Of the many long-term problems the U.S. economy faces, student loans are a big one. Education costs are rising very quickly and incomes aren’t. As a result, students will have to borrow more and more money to obtain university degrees and will have a tougher time paying their loans. President Obama seeks to respond to this question with an executive order in the next part of his “We Can’t Wait” unilateral stimulus effort. While the president’s heart may be in the right place, his effort isn’t like to have much impact.
The Problem: Student Loans’ Crazy Growth
The cost of college is growing rapidly. That wouldn’t be a problem if incomes were growing as quickly as tuition and fees. They aren’t. In order to cope with the growing expense of college, more students are relying on bigger loans. The chart below demonstrates the problem pretty clearly:
You can see (graph at the link) that student loans have grown by 511% since 1999. Meanwhile, disposable income has grown by just 73%. As this chart also shows, most outstanding student loan debt (82%!) was accrued by students over just the past decade.
Obama’s Executive Orders
The president seeks to make the situation a little bit easier for some of those graduates. He will create an executive order that has three components.
He will clear the way for borrowers with direct government loans and government-backed private loans to consolidate their balances. The White House estimates that this will cut the effective interest rate on student loans by up to 0.5%.
He will limit the amount of student loan payments to 10% of a graduate’s income. (Currently, the limit is 15%.)
He will allow debt still outstanding after 20 years to be forgiven. (Currently, forgiveness occurs after 25 years.)
Those last two orders are really just the president moving up the timeline of existing legislation. Both changes are set to go into effect in 2014, but the president will order that they go into effect as of 2012.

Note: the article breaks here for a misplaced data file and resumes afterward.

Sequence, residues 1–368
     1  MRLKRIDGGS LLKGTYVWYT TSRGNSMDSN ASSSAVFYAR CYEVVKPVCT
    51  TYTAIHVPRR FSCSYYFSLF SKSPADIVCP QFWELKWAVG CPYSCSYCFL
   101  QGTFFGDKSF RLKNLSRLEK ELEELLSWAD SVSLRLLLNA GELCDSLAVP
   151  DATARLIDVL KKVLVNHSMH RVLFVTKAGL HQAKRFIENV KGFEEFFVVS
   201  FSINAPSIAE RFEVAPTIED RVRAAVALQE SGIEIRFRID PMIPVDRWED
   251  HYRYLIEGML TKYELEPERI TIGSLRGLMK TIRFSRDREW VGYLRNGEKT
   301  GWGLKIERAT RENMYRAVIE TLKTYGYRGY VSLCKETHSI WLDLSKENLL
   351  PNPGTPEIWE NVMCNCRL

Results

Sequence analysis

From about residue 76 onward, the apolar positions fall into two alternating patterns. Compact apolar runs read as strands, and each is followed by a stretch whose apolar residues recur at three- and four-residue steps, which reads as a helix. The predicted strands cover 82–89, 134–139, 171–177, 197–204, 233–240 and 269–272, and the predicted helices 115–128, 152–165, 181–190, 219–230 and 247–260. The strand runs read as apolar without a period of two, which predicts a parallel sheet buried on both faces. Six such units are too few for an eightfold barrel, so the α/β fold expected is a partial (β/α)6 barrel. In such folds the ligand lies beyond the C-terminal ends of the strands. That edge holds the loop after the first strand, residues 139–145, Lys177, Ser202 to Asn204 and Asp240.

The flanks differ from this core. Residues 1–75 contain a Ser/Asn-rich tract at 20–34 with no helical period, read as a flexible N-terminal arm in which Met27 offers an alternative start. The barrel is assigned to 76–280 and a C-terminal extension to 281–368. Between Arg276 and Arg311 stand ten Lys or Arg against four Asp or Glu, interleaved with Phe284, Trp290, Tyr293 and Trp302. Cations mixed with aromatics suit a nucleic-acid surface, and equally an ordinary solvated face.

Let’s consider the impact of each of these orders.
The first would clearly be the most significant, because it is aimed at helping more student loan borrowers. How much would an interest rate reduction of up to 0.5% affect payments?
For the average borrower, the impact would be small. In 2011, Bachelor’s degree recipients graduating with debt had an average balance of $27,204, according to an analysis done by finaid.org, based on Department of Education data. That average has ballooned from just $17,646 over the past decade.
Using these values as the high and low bounds of average student debt over the last ten years, the monthly savings for the average student loan borrower would be between $4.50 and $7.75 per month. Clearly, this isn’t going to save the economy. While borrowers with bigger balances would save more, this is the average. And even someone with $100,000 in loans would only cut their monthly payments by $28.50.
As mentioned, the government already has a program for borrowers to reduce their student loan payments to a ceiling of 15% of their income. At this time, just 450,000 borrowers are participating. Clearly, all of those participants would benefit from lowering the max payment to 10%. But how many others would?*
Student loan balances have really only ballooned over the past decade. So this change would affect very few Americans over the age of 32. For the young adults who it may effect, we must remember that educational attainment has some correlation to income. Those with the most debt will have attended business school, medical school, or law school. Most of those people will also have higher incomes, making them ineligible. For a person with the average student debt load, their annual income would need to be lower than $32,000** to qualify. The average income for Bachelor’s degree holders aged 25 to 34 is $40,100.